It Starts NOW – Lighting Up Your Campaigns for Holiday Success

Get started early for holiday marketing success“Plan for the holidays early” is a well-known proverb in the online advertising space. For many online advertisers, the Q4 holiday season is what makes or breaks the year. While general planning of offers, product mix, and pricing is obviously crucial, it’s equally important to prep your campaigns for the upcoming holiday season. I know what you’re thinking – “Do I really need to start this in September?” The answer, actually, is yes. Let’s take a look at some key tactics that you should begin to explore sooner rather than later. …

Matching for Success: Using Match Types to Optimize Performance

Image credit: Digital-Clarity.com

Image credit: Digital-Clarity.com

As Paid Search professionals, we pay attention to a lot of factors when optimizing our accounts – Ad copy, landing page creative, bid strategy, and keyword selection, to name just a few of the variables that we need to keep on our radar. While we tend to sweat over choosing the right keyword phrases for our accounts (justifiably slow – keywords are the backbone of any SEM campaign), it’s equally important to consider the match types of those keywords.

The concept of using keyword match types isn’t new at all, but it is often overlooked. While I won’t deep dive into the particular definitions of each match type here (see this guide from Google for that), I do want to review the basics, and talk about how aligning your bid strategy to your match type strategy could improve your ROI. I’ll cover each of the different match types below….

Making the Leap to Enhanced Online Campaigns – What it Means, and How to Adapt

Image credit: google

Image credit: google

Without a doubt, one of the most-talked about subjects in the SEM sector these days is Google’s launch of Enhanced Campaigns. This launch represents a fundamental shift in the structure of PPC campaigns, and as marketers and agencies, we owe it to ourselves and our clients to be ahead of the curve in adapting to the changes coming to AdWords. In this post, I’ll break down some of the major changes between so-called “legacy campaigns” and new Enhanced campaigns….

Blending Attribution and Bid Management

Attribution and bid management PPCIn the past, I’ve spoken in great detail on the value of attribution management. Indeed, having a proper attribution model is crucial in improving the return on your ad spend. But simply having access to data isn’t enough… You need to act on that data if you want your knowledge to bear any fruit. Thankfully, with tools like Acquisio, it’s easy to turn the attribution data that we get from the platform into action. We simply need to combine our attribution data with advanced bid management.

Before I dive into some of the specifics of how to tie attribution data into your bid rules and algorithms, it’s important to note the role of automated bid management in optimizing an online advertising account. While bid automation plays a major role in improving ROI (and certainly plays a major role in improving your efficiency), it is not a replacement for tweaking your keyword selection, pausing off underperforming ad creatives, and adding negative keywords. So while integrating the suggestions that I’m about to describe will definitely help, don’t forget about some of the other optimization tactics that we’re all familiar with.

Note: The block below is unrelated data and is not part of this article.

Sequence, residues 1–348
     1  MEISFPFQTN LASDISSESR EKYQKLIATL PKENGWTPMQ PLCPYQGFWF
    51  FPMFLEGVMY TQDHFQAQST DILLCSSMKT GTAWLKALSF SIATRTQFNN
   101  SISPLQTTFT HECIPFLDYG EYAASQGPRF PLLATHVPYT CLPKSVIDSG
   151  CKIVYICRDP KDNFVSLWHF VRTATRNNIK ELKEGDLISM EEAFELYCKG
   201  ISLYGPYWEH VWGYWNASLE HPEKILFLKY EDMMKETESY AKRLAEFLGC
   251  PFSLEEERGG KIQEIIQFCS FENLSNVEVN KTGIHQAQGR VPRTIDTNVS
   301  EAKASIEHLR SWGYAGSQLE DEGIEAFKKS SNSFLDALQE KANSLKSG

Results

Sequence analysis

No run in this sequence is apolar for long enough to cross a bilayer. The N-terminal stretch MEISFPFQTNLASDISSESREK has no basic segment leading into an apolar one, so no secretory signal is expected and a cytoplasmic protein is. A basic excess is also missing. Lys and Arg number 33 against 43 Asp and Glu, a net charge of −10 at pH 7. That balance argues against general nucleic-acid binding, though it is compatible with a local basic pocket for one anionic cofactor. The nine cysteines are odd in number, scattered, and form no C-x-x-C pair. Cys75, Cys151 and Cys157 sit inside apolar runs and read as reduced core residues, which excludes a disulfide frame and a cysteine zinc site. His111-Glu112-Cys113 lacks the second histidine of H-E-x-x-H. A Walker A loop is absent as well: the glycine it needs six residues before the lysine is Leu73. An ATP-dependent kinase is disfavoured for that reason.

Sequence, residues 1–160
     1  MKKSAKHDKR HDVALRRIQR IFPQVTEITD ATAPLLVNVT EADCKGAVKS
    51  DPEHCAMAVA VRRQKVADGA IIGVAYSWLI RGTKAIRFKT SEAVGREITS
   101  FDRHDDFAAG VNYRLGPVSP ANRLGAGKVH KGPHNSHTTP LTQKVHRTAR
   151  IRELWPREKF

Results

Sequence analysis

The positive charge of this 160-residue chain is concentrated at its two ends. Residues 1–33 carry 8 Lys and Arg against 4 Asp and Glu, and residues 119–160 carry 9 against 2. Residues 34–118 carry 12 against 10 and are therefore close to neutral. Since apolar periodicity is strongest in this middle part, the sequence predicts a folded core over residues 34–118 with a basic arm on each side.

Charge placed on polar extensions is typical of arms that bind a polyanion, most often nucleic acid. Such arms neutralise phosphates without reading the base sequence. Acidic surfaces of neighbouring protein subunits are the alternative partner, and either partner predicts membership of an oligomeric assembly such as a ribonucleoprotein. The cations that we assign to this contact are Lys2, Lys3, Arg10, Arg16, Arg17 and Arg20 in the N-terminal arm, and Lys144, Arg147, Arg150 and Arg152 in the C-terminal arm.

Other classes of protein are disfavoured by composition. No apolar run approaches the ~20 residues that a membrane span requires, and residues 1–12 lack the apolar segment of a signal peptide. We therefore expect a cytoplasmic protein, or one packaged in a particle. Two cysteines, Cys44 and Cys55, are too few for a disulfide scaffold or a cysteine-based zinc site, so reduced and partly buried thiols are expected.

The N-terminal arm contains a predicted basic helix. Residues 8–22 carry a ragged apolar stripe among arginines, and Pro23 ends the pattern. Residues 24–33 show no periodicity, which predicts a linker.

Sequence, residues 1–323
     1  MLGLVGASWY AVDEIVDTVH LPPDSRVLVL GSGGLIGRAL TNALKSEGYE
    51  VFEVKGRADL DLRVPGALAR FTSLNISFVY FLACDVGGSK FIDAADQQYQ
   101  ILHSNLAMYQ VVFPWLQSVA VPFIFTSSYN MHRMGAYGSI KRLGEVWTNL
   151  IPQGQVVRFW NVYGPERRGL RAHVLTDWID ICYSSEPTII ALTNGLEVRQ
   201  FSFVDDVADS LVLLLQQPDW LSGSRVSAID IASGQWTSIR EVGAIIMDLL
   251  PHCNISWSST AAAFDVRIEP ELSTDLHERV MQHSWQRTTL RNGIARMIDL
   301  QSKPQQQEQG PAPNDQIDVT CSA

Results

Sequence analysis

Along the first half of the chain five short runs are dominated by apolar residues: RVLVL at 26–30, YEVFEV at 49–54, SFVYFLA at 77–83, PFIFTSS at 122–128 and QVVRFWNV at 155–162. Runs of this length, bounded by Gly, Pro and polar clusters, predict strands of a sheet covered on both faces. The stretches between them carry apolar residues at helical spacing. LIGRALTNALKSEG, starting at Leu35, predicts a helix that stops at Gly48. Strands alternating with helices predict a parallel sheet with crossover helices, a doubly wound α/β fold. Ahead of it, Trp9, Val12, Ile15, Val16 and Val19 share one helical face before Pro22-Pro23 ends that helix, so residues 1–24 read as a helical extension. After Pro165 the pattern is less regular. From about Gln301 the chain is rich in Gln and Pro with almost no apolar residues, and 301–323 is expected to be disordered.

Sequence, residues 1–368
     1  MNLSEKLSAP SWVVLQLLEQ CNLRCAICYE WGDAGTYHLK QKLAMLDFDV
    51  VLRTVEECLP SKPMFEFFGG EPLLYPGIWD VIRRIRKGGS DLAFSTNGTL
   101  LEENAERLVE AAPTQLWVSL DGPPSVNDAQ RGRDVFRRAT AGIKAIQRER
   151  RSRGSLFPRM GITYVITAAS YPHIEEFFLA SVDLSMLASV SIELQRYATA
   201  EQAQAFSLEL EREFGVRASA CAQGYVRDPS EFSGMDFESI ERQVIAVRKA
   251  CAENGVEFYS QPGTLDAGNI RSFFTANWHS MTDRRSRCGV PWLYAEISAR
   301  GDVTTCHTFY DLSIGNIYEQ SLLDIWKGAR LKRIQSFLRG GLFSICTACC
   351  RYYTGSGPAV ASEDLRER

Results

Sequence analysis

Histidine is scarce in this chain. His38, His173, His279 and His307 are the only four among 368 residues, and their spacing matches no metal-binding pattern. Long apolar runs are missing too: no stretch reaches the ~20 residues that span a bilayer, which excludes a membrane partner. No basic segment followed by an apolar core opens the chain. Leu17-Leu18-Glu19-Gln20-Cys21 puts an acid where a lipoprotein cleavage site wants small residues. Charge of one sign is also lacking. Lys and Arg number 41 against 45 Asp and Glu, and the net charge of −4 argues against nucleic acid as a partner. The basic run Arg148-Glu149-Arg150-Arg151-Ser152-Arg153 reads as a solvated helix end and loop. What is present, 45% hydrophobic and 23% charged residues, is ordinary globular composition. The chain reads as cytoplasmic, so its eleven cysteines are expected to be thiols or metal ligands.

So with that said, here are 4 ways to tie attribution data into bid management:…

Four Tips for Display Advertising Success

Display advertising skepticismAdmit it. Most of us Search Engine Marketers are inherently skeptical of display advertising. After all, for years, we’ve been living in the throngs of the Google Content Network’s long tail of poor quality domains, coupled with an inability to truly measure the results of our rather high display spends. Indeed, the first move of many a PPC manager is to disable the Google Display Network (GDN) from their campaigns and watch the ROI soar. Sounds great, right?

Well, not quite. Like everything else in our industry, display has changed. What was once expensive, time consuming to implement, and hard to measure is now actually cost efficient, easy to implement, and inherently trackable, thanks to improvements made by Google, as well as the advent of Real Time Bidding. The fact of the matter is that if display is used properly, it can be a major boost to your campaigns and CAN actually generate a positive ROI. In this post, I’ll document a few steps you should take to make sure that your display campaigns rock….

Five Tips for Managing SEO Accounts

As search marketers, we have a lot to deal with – New keywords, bid adjustments, creating ads, managing landing pages and conversion codes, and preparing reports, just to name a few of our tasks. While it would be unfair to characterize any of these tasks as easy, per se, they all fall in second place compared to the most difficult part Search Engine Marketing – managing your client (note: client can be defined as either an agency client, or even an internal stakeholder within an organization). So today, I’m going to break from tradition in talking about attribution models, analytics, and SEO, and am going to focus on five things that you can do to better manage your clients….

4 Ways to Blend SEO and PPC Data for Better Performance

Most of us in the agency world frequently hear and even talk about the importance of blending organic search data with paid search data, but it seems that no one really knows what that means or how to do it. Nevertheless, aligning your paid campaigns and your organic efforts can have a quantifiable impact on your traffic. Indeed, according to a recent study conducted by Google, having a top paid listing, in conjunction with a top organic ranking leads to, on average, a 50% incremental increase in clicks.

Sounds great, but how do we actually get our campaigns and efforts aligned? Here are 4 things to consider:…

Engaging Your Audience: Bid rules that go Beyond the Conversion

engaging your audienceLet’s face it – Most of the time when we’re managing online campaigns, we tend to devote most of our focus to the “end goal” conversion metric, such as a transaction or lead. While it obviously makes sense to optimize campaigns to the primary metric that we tend to get evaluated on, marketers who focus solely on macro conversions as part of their campaign optimization  process are missing a significant opportunity to capture more volume and to ultimately drive more results.

In this post, I’ll explore three bid management strategies using Acquisio that can drive results even though they’re not end-conversion focused.